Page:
An ACO’s founding clinic realized that poor-scoring independent clinic members would reduce the founder’s MACRA reimbursement. The MACRA Program Manager introduced MACRA Monitor’s Concierge with all other ACO member organizations to ensure that 100% of ACO member clinics were properly registered into the QPP submission system, produced the appropriate reports from their EHR, met eligibility thresholds, and helped successfully attest. Along the way, the ACO and its member clinics documented principles to follow for upcoming reporting years.
Any process that can be measured and reviewed regularly is a process that can be improved regularly.
Running your CMS Web-based CQMs is the most accurate way to get your MIPS Quality scores, but is a lot of work, and tied to claims history - which has a long lag time.
What if you could measure ACO quality easily every month?
Our client was a group with over 70 TINs and nearly 600 ECs reporting MIPS data. While the EHR was certified, its MIPS reporting was limited to providing individual level (no group) scores. Further, the EHR could not create the QRDA3 files necessary for electronic submission to CMS. We were only able to get PDF and CSV based reports.
Migrating away from fee-for-service into “outcomes-based” medicine is all the rage. CMS seeks to manage the cost of healthcare (interpretation: pay providers less) while providers envision the making more money through shared savings, capitation or lucrative quality adjustments. As CMS moves into Alternate Payment Models (APMs), commercial payers could follow suit, depending on their market power modified by perspectives of state-level Insurance Commissioners.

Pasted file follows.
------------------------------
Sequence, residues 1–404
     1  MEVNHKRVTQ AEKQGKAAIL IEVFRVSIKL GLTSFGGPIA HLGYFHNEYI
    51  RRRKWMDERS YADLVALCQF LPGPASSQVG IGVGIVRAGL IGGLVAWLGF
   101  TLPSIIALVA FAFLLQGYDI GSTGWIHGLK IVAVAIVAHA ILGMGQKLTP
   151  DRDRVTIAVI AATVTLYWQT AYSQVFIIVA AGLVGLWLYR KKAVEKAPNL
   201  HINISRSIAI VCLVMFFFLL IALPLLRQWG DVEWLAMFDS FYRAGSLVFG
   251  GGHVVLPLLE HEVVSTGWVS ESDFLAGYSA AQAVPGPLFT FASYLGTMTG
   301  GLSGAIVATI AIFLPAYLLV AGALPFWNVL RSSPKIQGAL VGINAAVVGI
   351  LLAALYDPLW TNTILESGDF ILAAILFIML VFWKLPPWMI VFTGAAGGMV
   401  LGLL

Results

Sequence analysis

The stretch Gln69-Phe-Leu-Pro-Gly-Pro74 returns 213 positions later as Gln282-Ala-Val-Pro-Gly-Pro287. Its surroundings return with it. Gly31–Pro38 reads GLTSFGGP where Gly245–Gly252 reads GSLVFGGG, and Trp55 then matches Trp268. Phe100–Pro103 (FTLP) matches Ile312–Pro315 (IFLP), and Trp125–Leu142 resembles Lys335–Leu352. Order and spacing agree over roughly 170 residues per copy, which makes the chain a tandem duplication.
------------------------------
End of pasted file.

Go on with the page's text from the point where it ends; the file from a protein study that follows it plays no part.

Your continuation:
MACRA scoring for ACOs can get complicated by the independent nature of clinics participating in the ACO. When clinics are on separate EHR platforms, the ACO will need MACRA-Specific data analytical tools that calculate each separate MACRA Component (PI, CQM and CPIA). What principles simplify optimized results?
We recently worked with a specialist who bills over $700k per year avoided a large 2017 penalty. This strategy saved over $28,000 but failed to generate new cash, and resulted in low quality scores. Analyzing three separate strategies, the provider’s 2018 planned reimbursement moved to a positive $10,000 and a quality score of over 80%. But the most important dimension was the potential impact of public reporting of Quality Scores into “find a doctor” websites.
EHR or Registry software can create measures, or even do your annual submission. But improving scores with an explicit tie to financial outcomes requires an extra layer of analytical tools that your "core" vendors are not likely to build.
Entering into a risk-based model isn’t as simple as taking what the payer offers. There is a best balance answer for medical groups to maximize revenue while delivering efficient, high-quality care. Finding that balance and reaping measurable value from it requires changing the organization’s approach to Business and Clinical Processes, Skillsets, and Analytics in
order to be successful.
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